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Egypt's Islamist president-elect to be sworn in

 Egyptians wave to Egypt's President-elect, Mohammed Morsi, upon his arrival to give a speech at Tahrir Square in Cairo, Egypt, Friday, June 29, 2012....
 Egypt's President-elect Mohammed Morsi talks to his supporters at Tahrir Square, the focal point of Egyptian uprising, in Cairo, Egypt, Friday, June ...
 Egypt's President-elect Mohammed Morsi talks to his supporters at Tahrir Square, the focal point of Egyptian uprising, in Cairo, Egypt, Friday, June ...
 Egypt's President-elect Mohammed Morsi waves to supporters before giving a speech at Tahrir Square in Cairo, Egypt, Friday, June 29, 2012. In front o...

APTOPIX Mideast Egypt

Egyptians wave to Egypt's President-elect, Mohammed Morsi, upon his arrival to give a speech at Tahrir Square in Cairo, Egypt, Friday, June 29, 2012....

Mideast Egypt

Egypt's President-elect Mohammed Morsi talks to his supporters at Tahrir Square, the focal point of Egyptian uprising, in Cairo, Egypt, Friday, June ...

Mideast Egypt

Egypt's President-elect Mohammed Morsi talks to his supporters at Tahrir Square, the focal point of Egyptian uprising, in Cairo, Egypt, Friday, June ...

Mideast Egypt

Egypt's President-elect Mohammed Morsi waves to supporters before giving a speech at Tahrir Square in Cairo, Egypt, Friday, June 29, 2012. In front o...

Islamist Mohammed Morsi takes the oath of office Saturday before Egypt's highest court as the country's first freely elected president, succeeding Hosni Mubarak who was ousted 16 months ago.
When sworn in before the Supreme Constitutional Court, Morsi will also be the Arab world's first freely elected Islamist leader and Egypt's fifth president since the overthrow of the monarchy some 60 years ago.
The court, housed in a Nile-side structure built to resemble an ancient Egyptian temple, stands next door to a military hospital to which Mubarak, 84, was transferred about two weeks ago after suffering a health scare in a nearby prison hospital. He is serving a life sentence for failing to prevent the killing of protesters during last year's uprising.
Morsi took a symbolic oath on Friday in Cairo's Tahrir Square, birthplace of the 2011 uprising, before tens of thousands of mostly Islamist supporters.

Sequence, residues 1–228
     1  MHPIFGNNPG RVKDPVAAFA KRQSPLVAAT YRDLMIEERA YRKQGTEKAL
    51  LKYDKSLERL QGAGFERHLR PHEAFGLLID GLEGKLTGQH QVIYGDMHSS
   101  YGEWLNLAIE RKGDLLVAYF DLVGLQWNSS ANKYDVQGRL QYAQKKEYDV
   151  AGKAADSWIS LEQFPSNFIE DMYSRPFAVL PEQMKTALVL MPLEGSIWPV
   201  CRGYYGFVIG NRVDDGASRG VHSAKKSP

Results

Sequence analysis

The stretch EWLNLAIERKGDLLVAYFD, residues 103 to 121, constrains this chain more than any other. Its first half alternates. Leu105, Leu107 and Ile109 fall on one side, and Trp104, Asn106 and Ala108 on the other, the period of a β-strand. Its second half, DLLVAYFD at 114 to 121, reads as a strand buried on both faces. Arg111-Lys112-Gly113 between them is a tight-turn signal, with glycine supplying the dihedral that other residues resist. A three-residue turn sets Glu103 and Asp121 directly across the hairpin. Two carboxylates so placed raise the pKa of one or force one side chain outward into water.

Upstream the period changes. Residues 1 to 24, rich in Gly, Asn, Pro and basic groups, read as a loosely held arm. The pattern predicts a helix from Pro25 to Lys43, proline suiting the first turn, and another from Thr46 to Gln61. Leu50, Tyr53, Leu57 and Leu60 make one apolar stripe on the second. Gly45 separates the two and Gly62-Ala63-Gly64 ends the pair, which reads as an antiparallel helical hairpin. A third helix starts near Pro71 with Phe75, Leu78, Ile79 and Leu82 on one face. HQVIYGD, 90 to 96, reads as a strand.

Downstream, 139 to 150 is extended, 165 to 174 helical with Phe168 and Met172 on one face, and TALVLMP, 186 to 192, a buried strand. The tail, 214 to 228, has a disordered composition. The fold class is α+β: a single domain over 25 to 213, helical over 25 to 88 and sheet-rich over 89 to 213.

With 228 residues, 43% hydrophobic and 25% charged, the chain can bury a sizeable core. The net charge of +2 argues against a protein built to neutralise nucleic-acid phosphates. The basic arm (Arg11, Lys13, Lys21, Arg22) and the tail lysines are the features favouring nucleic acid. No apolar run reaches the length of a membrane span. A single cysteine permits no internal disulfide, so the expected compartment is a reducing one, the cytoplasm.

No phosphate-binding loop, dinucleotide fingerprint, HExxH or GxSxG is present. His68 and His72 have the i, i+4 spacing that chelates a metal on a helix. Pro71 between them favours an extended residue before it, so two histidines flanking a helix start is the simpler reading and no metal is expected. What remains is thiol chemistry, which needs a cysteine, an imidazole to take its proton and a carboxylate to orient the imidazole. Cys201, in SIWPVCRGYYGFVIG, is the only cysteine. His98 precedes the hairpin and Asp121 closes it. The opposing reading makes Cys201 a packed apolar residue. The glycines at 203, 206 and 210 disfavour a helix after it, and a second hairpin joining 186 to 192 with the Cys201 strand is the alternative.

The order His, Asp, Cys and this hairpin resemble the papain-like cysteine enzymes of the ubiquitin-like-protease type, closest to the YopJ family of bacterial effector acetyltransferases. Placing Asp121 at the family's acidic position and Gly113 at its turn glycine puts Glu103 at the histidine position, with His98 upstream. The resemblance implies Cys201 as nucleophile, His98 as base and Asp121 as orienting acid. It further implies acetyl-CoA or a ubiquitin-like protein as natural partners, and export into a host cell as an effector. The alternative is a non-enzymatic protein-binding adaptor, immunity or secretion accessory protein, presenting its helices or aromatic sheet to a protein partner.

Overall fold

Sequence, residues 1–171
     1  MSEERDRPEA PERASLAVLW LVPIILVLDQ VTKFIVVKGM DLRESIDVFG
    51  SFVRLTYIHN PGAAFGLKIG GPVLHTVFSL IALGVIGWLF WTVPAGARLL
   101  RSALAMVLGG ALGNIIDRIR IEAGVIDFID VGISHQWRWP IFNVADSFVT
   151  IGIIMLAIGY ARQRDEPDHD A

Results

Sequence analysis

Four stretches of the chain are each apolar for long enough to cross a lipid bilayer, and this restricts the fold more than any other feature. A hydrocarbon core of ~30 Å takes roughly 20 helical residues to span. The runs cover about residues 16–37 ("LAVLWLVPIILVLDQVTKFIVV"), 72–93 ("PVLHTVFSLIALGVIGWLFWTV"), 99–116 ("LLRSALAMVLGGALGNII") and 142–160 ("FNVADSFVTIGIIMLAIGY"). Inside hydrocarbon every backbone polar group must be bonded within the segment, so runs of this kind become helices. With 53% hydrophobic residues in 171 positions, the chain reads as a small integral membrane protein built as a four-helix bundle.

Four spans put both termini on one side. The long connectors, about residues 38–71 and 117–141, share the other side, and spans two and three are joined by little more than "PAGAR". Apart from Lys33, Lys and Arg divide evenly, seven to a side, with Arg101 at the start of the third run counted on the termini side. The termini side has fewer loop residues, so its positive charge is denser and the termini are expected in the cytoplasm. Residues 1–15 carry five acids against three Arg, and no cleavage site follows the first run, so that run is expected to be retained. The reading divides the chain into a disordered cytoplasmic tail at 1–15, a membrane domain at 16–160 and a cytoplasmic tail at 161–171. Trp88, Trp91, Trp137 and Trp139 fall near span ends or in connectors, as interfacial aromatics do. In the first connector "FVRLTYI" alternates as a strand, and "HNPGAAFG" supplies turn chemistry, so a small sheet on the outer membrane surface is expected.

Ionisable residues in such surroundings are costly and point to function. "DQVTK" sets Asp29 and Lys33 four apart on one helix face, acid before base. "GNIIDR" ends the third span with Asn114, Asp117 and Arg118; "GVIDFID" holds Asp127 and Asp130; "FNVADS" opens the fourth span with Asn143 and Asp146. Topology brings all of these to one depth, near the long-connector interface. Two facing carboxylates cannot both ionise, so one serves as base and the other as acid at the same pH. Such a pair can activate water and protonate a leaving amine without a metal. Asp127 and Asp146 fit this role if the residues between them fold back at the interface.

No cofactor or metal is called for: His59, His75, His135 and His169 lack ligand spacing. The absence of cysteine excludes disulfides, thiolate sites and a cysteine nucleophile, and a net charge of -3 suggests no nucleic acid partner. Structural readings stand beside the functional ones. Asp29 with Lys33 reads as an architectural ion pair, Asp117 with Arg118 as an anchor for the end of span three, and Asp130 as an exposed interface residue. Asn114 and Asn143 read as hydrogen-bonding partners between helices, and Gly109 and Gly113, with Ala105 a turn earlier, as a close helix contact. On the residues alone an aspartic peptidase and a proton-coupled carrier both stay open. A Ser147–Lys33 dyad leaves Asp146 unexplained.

In a populist speech filled with dramatic gestures, the 60-year-old Morsi staked a claim to the legacy of the uprising and voiced his determination to win back the presidential powers stripped from his office by the generals who took over from Mubarak.
Addressing a crowd that repeatedly shouted, "We love you Morsi!" he began his speech by joining them in chanting, "Revolutionaries and free, we will continue the journey." Later he opened his jacket wide to show that he was not wearing a bullet-proof vest. "I fear no one but God and I work for you," he told the cheering supporters. As he was leaving the podium, he pushed aside two army soldiers from his security detail to wave goodbye to the crowd.
Morsi's defiant tone, however, could not conceal that by agreeing to take the oath before the court, rather than before parliament as is customary, he was bowing to the military's will.
The generals dissolved the Islamist-packed legislature after the same court that will swear him in Saturday ruled that a third of its members were elected illegally.
The military has also declared itself the legislative power, gave itself control over the drafting a new constitution and sidelining Morsi's Muslim Brotherhood, which had sought to influence the process.
The generals also created a National Security Council to formulate key domestic and foreign policies. Military officers outnumber civilians sitting on the council by about two-to-one, and decisions are made by a simple majority.


Updated : 2021-07-25 12:21 GMT+08:00